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Anatomy of a 3-Way Circuit

Below is a diagram of a 3-Way switch circuit. It shows how simple a 3-Way circuit is to understand once you see what is going on inside the switches.
I purposely did not show wire colors as they can be anything (except the bare wires which are safety ground).
Please post any questions you might have and I’ll be glad to help answer them.

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While I said in the other post I’ve never wired a 3-way using a smart/dumb switch combination, after looking at the manual, I see that in this combination the smart switch functions the exact same way as a regular 3-way switch with a neutral added in. So the diagram also holds true when we’re talking a smart switch with a dumb switch.

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But this was not the goal of my post. I wanted to simply teach folks how simple a 3-Way switch is wired. With this understanding it will be easier for folks to sort out their existing wiring. I thought it best to leave out any dimmer wiring and focus on the simple 3-Way dumb switches.

Your response would make a good topic for its own post.

One thing it’s worth noting for someone unfamiliar is that while this diagram shows the input and output heading off in opposite directions, the output wire may run back to the same box as the input in a three-conductor Romex (referred to in the documentation as “line and load in same box”, at least when you’re not talking about a switched neutral).

Is it accurate to say that this is typical in newer construction in the US? I only have experience with my own house, built in 2011, but this is how all the 3-ways are wired there.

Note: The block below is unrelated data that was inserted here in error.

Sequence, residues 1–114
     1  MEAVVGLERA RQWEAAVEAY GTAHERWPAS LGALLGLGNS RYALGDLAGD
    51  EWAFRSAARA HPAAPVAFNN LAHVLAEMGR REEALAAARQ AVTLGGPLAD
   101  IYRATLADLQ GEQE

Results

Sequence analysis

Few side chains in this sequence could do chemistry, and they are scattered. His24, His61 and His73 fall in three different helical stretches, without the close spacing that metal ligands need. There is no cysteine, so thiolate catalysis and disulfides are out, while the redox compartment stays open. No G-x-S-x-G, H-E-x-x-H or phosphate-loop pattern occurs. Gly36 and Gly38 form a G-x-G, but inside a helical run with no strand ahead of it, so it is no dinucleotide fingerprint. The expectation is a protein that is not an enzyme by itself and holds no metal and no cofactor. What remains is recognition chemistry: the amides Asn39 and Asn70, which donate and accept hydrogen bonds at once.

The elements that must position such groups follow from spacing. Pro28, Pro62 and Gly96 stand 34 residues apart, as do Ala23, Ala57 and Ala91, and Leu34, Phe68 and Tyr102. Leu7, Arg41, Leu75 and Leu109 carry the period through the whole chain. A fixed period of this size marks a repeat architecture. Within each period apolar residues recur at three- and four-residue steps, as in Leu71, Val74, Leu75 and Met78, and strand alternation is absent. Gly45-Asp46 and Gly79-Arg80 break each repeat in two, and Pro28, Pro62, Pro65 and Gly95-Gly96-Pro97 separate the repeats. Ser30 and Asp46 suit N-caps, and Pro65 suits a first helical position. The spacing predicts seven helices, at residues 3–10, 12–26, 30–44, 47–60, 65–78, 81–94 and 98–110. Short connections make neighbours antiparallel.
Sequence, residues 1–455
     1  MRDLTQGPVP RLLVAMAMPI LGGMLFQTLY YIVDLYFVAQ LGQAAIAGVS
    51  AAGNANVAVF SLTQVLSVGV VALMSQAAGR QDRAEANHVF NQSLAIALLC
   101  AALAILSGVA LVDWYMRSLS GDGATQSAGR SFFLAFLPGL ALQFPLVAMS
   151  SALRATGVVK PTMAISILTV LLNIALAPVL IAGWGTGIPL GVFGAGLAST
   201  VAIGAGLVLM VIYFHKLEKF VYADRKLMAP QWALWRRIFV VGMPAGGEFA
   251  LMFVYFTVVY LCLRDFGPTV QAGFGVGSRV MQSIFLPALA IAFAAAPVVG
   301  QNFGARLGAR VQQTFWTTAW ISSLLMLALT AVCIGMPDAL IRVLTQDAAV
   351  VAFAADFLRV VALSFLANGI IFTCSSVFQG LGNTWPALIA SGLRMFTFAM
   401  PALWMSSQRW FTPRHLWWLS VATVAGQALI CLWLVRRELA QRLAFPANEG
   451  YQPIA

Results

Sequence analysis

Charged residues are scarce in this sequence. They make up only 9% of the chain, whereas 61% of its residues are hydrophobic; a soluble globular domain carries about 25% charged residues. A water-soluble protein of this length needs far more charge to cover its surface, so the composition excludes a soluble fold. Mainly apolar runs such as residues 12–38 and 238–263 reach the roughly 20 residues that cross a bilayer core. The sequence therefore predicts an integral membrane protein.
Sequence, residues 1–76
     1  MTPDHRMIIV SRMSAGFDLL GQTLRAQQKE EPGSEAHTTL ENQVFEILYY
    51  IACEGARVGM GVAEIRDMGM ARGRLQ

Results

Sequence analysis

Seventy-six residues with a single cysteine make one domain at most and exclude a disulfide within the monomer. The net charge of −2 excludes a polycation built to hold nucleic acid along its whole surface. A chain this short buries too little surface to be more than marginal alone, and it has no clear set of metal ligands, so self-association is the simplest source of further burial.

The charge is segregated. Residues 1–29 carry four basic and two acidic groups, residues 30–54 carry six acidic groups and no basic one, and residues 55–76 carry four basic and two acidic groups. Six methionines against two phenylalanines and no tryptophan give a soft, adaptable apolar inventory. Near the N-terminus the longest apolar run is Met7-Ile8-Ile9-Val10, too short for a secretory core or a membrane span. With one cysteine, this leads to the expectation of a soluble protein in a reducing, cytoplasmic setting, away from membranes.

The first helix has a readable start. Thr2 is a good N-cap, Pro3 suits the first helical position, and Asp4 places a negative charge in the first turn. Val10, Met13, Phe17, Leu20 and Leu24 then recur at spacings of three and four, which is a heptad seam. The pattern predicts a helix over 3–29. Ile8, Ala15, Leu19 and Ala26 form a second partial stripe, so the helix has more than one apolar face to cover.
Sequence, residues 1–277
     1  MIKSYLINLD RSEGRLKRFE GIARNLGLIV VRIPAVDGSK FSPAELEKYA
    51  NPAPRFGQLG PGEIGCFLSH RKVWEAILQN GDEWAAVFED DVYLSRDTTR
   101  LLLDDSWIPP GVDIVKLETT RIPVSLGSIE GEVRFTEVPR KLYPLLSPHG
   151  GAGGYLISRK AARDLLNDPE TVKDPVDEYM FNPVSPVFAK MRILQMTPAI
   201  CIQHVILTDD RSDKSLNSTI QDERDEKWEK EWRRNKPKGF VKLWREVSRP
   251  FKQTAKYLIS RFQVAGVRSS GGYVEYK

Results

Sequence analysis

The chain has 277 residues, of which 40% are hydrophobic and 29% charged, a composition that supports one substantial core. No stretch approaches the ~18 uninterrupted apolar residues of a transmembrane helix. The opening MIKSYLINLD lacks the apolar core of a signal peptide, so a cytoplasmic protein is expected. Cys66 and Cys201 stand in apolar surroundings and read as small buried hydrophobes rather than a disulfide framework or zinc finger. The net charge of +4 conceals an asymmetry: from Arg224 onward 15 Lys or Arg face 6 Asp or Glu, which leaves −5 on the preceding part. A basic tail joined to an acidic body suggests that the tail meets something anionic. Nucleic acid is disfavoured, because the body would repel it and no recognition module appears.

One thing it’s worth noting for someone unfamiliar is that while this diagram shows the input and output heading off in opposite directions, the output wire may run back to the same box as the input in a three-conductor Romex

Yes this is true. And this diagram could be in the power line or neutral line. My hope was that folks with a 2 x 3-Way switch setup could look at the wires on the switches and know immediately how each wires to its “sister” switch. This can make sorting out the wires in a box much easier.

Is it accurate to say that this is typical in newer construction in the US? I only have experience with my own house, built in 2011, but this is how all the 3-ways are wired there.

If using “dumb” 3-Way switches this is the only way to wire it in any country. This is as much basic electricity as it is house wiring (or should I say electrical wiring to include industrial installations)

I was referring specifically to my observation of load and line in the same box vs different boxes; I understand the configuration of 3-way switches is universal.

AFAIK whether the wire is in the same box or not is a function of the specific wiring condition and not any newer / older requirements or norms.

I do thank you for your observation. It was not my intent to suggest the wiring was per any specific physical implementation. But to your point I will think of how I can add some different physical layouts to help folks see and understand the wiring. Thanks.

John

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